The Safe Campus Project at the University of Maine is a program working to improve awareness and prevention of sexual assault and dating violence on campus. April’s events for Sexual Assault Awareness Month will help further their message to the university community.
“This is a month to promote awareness, education and prevention. It is a time to acknowledge the problem of sexual assault and to take a stand against it as individuals and as a community,” said Summer Sunderland, one of the graduate assistants for the Safe Campus Project.
The Safe Campus Project, formed in February 2001, is funded by a grant from the Department of Justice, which totaled $302,256 for a two-year period. UMaine is one of just 18 schools that received the grant.
“The grant really was a unique opportunity,” said Renate Klein, director of the Safe Campus project.
Klein said the grant helped develop new and existing resources on campus for people struggling with sexual assault, dating or domestic violence or stalking. The program includes a drop-in advocacy office, outreach programs and educational events, such as Sexual Assault Awareness Month in April.
The month’s events will kick off with keynote speaker David Ryder from Men Can Stop Rape, a national sexual assault prevention organization based in Washington, D.C., Monday, April 15. Men Can Stop Rape is a group that the Safe Campus Project uses as a consultant for the group Brothers Engaged Against Rape, one of their outreach programs.
Sigma Phi Epsilon was chosen by the Safe Campus project for B.E.A.R to help get Greek men involved with the issues of rape and sexual assault. The fraternity has participated in helping educate others about these issues and hopes to have more public events in the future, including a “Rock Against Rape” concert that is being planned for next semester.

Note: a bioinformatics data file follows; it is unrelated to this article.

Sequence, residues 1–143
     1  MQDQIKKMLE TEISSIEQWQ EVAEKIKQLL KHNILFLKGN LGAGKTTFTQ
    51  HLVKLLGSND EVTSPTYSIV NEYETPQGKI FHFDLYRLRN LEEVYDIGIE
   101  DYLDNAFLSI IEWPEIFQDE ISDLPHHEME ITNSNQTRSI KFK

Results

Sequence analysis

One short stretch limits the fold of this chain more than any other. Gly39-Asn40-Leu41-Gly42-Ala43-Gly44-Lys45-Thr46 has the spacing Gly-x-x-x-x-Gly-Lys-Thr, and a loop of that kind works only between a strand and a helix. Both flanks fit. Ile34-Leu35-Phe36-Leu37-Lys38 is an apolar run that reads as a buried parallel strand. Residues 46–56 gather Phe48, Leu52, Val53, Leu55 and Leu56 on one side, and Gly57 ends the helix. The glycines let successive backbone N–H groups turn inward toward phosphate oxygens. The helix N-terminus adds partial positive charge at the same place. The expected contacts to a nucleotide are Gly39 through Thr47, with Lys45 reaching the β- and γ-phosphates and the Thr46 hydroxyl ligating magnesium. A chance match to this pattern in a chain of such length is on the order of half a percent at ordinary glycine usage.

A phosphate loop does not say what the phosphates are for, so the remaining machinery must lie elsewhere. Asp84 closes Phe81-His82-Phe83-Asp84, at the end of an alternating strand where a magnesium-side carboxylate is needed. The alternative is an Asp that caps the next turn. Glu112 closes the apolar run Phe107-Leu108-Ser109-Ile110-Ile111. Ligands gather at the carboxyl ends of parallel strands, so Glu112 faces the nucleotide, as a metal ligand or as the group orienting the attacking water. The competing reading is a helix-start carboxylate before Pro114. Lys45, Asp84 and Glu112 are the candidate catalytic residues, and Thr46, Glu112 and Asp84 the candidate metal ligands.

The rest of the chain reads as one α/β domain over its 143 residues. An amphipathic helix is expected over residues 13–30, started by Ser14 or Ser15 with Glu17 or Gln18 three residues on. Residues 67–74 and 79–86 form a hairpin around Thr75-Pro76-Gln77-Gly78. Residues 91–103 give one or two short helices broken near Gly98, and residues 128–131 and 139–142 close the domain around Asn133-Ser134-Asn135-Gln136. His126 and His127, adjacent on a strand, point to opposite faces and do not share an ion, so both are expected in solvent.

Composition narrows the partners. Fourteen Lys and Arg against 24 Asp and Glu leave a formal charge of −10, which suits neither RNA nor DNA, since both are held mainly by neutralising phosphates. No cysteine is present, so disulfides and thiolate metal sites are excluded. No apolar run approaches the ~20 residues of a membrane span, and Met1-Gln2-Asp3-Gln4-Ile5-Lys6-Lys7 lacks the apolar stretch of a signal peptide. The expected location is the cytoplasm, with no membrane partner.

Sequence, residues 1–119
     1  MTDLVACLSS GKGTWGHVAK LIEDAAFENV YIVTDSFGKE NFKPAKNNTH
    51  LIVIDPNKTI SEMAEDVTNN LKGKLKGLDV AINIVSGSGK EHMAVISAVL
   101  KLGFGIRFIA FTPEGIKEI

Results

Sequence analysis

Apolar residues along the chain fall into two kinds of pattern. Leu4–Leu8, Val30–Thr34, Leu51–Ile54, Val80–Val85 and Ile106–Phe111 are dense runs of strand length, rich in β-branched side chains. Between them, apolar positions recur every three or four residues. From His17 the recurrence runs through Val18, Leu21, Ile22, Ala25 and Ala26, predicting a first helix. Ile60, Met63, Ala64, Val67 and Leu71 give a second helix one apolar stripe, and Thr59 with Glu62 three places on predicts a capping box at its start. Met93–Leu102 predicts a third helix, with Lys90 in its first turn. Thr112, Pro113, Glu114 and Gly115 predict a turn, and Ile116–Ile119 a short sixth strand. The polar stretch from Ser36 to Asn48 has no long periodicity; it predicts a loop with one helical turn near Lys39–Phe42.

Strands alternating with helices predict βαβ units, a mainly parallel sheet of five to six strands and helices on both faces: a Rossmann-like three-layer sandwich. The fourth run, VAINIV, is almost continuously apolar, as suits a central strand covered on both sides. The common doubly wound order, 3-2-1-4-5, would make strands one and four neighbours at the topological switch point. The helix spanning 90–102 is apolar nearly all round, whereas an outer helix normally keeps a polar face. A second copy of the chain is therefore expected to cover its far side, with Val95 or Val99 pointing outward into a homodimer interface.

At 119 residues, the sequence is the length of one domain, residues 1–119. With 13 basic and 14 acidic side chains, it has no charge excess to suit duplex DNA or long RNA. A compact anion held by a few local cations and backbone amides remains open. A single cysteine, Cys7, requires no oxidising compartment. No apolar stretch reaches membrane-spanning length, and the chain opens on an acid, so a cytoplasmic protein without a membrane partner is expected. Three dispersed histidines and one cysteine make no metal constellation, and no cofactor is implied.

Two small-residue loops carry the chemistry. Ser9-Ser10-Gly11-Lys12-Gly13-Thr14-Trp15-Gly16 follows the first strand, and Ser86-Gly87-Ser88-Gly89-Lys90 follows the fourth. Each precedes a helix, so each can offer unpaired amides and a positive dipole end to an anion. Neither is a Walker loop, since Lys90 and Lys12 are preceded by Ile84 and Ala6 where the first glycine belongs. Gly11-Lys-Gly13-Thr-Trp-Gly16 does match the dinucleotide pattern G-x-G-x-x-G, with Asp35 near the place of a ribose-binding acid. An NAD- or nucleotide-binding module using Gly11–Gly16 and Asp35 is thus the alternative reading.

Nick Pike, chaplain of Sigma Phi Epsilon and chairperson for the B.E.A.R. program, said being a part of the Safe Campus Project is a way to reach the community about violence issues and also conveys an important aspect of the fraternity.
“One of the principles of our fraternity is respect for self and others,” Pike said. “Rape and sexual assault are the epitome of what I stand against.”
Hillary Maher, another graduate assistant for the Safe Campus Project and liaison for the B.E.A.R. program, said Sigma Phi Epsilon and the Greek community at UMaine have been wonderful to work with. She hopes to get fraternities and sororities involved in the issues on a larger scale and hopes the program will help eliminate some of the negative stereotypes against fraternities.
“Fraternities do a lot, they have a lot to offer,” Maher said.
Another outreach program that the Safe Campus Project is involved with is UMaine Men’s Education Network, which gives men at UMaine a chance to get involved in violence prevention.
“There wasn’t a place for men’s involvement before,” said Sunderland, who is the liaison for UMaine MEN.
The Safe Campus Project along with B.E.A.R and UMaine MEN are gearing up for April’s events, especially the annual Take Back the Night rally and march, planned for Thursday, April 18, at 7 p.m. in front of Fogler Library.
“It’s really meaningful when people get together for a big event like this. It really energizes a community about the issues,” Sunderland said.